Re: Answer to Sally's Question: Elves, Neste
|From:||Sally Caves <scaves@...>|
|Date:||Wednesday, April 2, 2003, 1:50|
Be sure to send me the remaining 25% off-line, John, because I will be going
no-mail this evening. This is interesting!
Eskkoat ol ai sendran, rohsan nuehra celyil takrem bomai nakuo.
"My shadow follows me, putting strange, new roses into the world."
----- Original Message -----
From: "John Cowan" <jcowan@...>
Sent: Tuesday, April 01, 2003 1:53 PM
Subject: Re: Answer to Sally's Question: Elves, Neste
> Sally Caves scripsit:
> > What was the outcome of the debate? My question would be "Aren't youElves
> > ever curious about mortality? Look at me. I'm dying as I speak to you.
> > Where are your Elvish anthropologists?"
> Here's part 2 of the Athrabeth precis:
> If so, says Finrod, then it can only mean that Men's souls have the
> power to carry their bodies with them beyond the limits of the world,
> which would mean that unfallen Men were powerful indeed, and that the
> wrong done to them was the most terrible of calamities. He speculates
> that there is somewhere another world in which everything has eternal
> existence. Andreth says that if so, Men know nothing of it and guess
> little. Finrod then speculates further that that may have been the
> reason for the creation of Men: to be the heirs of the world and in the
> end to restore the unfallen state, or rather to create a third state
> transcending the fallen/unfallen distinction.
> Finrod guesses (correctly) that the Valar do not know what the end of
> the world will be like. Finrod, thinking about the eventual fate of
> the Elves, suddenly has a vision of them as a part of the renewed world
> after the end -- the historians of the old world for Men, who will belong
> to that world as they do not to this fallen world. The Elves like the
> other things of the world will become eternal and unchanging. Therefore,
> their longevity, though it seems hard now, will then be a blessing.
> Andreth says that Men have no reason to hope for such a thing; they had
> hoped to escape Morgoth, but that hope too is vain. Finrod explains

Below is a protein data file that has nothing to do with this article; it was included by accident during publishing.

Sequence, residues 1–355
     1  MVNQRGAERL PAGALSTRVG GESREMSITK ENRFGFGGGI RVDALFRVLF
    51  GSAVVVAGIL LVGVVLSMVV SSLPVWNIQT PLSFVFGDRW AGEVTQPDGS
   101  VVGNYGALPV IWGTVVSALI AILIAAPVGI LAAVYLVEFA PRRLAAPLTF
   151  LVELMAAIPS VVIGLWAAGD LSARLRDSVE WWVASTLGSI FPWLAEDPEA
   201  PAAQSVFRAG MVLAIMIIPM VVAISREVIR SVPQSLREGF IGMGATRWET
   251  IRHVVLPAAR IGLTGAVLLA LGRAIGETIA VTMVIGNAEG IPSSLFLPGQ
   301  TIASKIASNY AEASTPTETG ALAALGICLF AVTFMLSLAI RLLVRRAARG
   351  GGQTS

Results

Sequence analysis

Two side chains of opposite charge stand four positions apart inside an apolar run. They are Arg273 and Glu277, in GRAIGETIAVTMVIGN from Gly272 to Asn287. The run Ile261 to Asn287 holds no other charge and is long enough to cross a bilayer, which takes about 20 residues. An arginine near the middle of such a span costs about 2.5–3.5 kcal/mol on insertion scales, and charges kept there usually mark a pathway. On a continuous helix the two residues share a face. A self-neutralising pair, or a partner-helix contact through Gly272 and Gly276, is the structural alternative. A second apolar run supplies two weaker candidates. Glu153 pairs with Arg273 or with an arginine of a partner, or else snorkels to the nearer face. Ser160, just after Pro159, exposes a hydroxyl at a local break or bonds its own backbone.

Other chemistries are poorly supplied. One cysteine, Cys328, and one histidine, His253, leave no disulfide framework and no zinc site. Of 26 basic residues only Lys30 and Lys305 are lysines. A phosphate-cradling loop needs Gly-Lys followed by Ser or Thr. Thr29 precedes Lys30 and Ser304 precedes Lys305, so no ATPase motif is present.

> [ObConlang] that there are two Sindarin words for "hope": "amdir",
> meaning something good that has a foundation in the known, though it is
> uncertain; and "estel" [Aragorn's usename as a child, millennia later]
> meaning the hope that does not come from experience but from the very
> nature of the Elves as the children of God, whom God will not abandon.
> Finrod asks if Men have estel. Andreth says that most have none, being
> under the domination of the Dark Lord, and even those who have escaped
> from him, have at most amdir that there is some means of escape from evil.
> Andreth says, however, that those "of the Old Hope", who are few but
> increasing now that Men see that Morgoth can be defied, believe that God
> will enter the world, heal the wound, and undo the marring of the world.
> Andreth, however, does not herself believe this, because there is no
> evidence of God in the world, and because she does not see how the
> Creator can enter his creation, any more than a singer his song or a
> painter his picture. [Cf. Tolkien's "Leaf by Niggle".] Finrod says
> that God is already both inside and outside the world; Andreth replies
> that this "being in the world" is meant in a different sense, immanent
> not transcendent.
> Finrod says that these things are beyond the knowledge of the Elves,
> but if God wished to enter his creation, Finrod is sure that he would
> find some way to do so, and surely in no other way could the world be
> healed as Andreth describes.
> This is getting tough. The remaining 25% tomorrow.
> Even a refrigerator can conform to the XML John Cowan
> Infoset, as long as it has a door sticker email@example.com
> saying "No information items inside".http://www.reutershealth.com